Psalms, Chapter 4:1-9
(The following material is compiled predominantly from an anthology of Orthodox Jewish commentary, written and arranged by Rabbi Avroham Chaim Feuer from the Artscroll Tanach Series Tehillim Volume 1. Additional insights from a Nazarene Israelite perspective have been added by Jason Jordan. The translation of the TaNaK [Old Testament] used in this work is by Rabbi Avroham Chaim Feuer, Rabbi Nsson Scherman and Meir Zlotowitz.)
This Psalm was also composed during King David’s flight from his son Absalom. While the previous chapter called for Elohim’s salvation, this Psalm goes onto lecture David’s enemies and admonishes them to improve their morals and ethics. King David tears away the false mask of Absalom’s supporters by revealing that it is the Evil Inclination which is driving their conduct, rather than loyalty to his son. Absalom and his supporters have become puppets in each others hands, as their manipulate one another to further their own selfish ambitions.
This is no more obvious than in Absalom’s staunchest supporter, Achitophel, who had a dream that he would one day sit on the throne of Israel. In actual fact his dream meant that royalty would eminent from his seed, through his granddaughter Bath-Sheba, wife of King David, whose son Solomon would become king of Israel. Like Korah who rebelled against Moshe because of his misinterpretation of a dream that actually pointed to the greatness of his descendant Samuel the Prophet, Achitophel rebelled against the king of Israel under a similar delusion.
Achitophel’s urgency that Absalom violate King David’s ten concubines on the roof of his palace was encouraged with a premise to accuse Absalom of committing atrocities, putting pressure on him to vacate the throne.
Instead, one of King David’s requests as he flees is answered. 2 Samuel 15:31; “And David said, O YHWH, I pray thee, turn the counsel of Achitophel into foolishness.”
2 Samuel 17:23; “When Achitophel saw that his advice had not been followed, he saddled his donkey and set out for his house in his hometown. He put his house in order and then hanged himself. So he died and was buried in his father's tomb.”
King David sees all the motives that drives his enemies clearly and pleads with them to save themselves from destruction and seek t’shuvah (return). Instead of seeking retribution he offers reconciliation, an opportunity to guide his enemies onto the path of true fortune and happiness.
Verses 1-3; “For the Conductor; with instrumental music, a song of David. When I call, answer me, Elohim of my vindication, You have relieved me of my distress, be gracious to me and hear my prayer. Sons of great men: How long will you put my honour to shame, and love vanity, and seek deception? Selah.”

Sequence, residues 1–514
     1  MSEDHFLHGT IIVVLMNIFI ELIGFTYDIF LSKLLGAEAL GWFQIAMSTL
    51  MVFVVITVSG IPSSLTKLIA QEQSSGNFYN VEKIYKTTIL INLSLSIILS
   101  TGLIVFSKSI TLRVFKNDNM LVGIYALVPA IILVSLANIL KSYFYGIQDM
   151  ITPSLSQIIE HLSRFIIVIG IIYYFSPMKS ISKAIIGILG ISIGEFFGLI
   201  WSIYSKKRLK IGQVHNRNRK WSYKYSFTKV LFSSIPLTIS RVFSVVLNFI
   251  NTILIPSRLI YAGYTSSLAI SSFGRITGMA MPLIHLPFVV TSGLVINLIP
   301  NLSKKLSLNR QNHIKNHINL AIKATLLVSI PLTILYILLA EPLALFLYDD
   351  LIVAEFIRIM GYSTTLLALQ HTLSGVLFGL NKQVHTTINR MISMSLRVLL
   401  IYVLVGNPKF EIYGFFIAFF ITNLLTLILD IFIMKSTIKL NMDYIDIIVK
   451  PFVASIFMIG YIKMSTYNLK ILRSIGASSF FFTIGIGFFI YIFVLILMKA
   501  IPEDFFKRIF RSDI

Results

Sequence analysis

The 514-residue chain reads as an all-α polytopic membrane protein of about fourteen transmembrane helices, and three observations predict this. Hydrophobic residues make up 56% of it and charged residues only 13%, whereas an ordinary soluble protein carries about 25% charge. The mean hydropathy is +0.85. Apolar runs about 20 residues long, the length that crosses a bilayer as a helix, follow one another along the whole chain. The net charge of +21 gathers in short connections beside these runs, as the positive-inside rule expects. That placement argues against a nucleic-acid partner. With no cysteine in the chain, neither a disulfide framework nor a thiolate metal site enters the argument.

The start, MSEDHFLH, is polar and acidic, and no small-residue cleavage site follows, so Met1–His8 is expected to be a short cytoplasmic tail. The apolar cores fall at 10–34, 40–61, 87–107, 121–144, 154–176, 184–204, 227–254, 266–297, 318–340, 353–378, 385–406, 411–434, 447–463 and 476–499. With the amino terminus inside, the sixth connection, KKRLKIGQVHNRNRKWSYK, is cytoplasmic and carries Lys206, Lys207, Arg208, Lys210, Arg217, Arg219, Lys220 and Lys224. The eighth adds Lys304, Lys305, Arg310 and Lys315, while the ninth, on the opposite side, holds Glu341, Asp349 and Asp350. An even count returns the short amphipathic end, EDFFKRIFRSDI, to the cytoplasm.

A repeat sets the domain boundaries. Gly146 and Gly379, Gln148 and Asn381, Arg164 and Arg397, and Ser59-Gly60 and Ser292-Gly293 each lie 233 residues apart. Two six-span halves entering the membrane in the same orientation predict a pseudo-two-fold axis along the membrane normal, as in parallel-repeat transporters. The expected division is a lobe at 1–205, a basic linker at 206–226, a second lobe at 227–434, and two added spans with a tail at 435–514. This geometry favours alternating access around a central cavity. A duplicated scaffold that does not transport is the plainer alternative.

“For the Conductor…”
For the Levite who directed the entire Temple orchestra. On a deeper level this refers to YHWH because His symphony is everlasting.
“…with instrumental music, a song of David”
The sage Radak states “that the art of musicology is an essential wisdom, for melodies have the power to arouse the soul as nothing else can.” - Artscroll Tanach Series Tehillim Volume 1
The Midrash says that this Psalms is expressed in three forms of praise - by orchestration (Nitzuah) “For the Conductor...,”
by “instrumental music”
(Nigun) and by song (Mizmor), “…a song of David.”
“…with instrumental music…"
is important because it draws YHWH near according to 2 Kings 3:15; "And it came to pass, when the minstrel played, that the hand of YHWH came upon him."
The Ruach HaKodesh (Holy Spirit) is drawn down through the singing and/or playing of music that glorifies YHWH. King David was unique because he was constantly in a state where he had an increased level of the Ruach HaKodesh resting upon him. This was why he was often sort to play music. When he started playing the Divine Presence was almost always guaranteed to descend in the general vicinity of his music.
“When I call, answer me, Elohim of my vindication…”
Because You have always answered me faithfully in the past, please be gracious to me now.
“You have relieved me of my distress…”
In days gone by You have helped me, now take pity on me and hear my prayer. David uses past tense in another demonstration of his unshakable faith. “Distress” means ‘a tight constricted place’ while “relieved” means a ‘widening’ or ‘enlarged place.’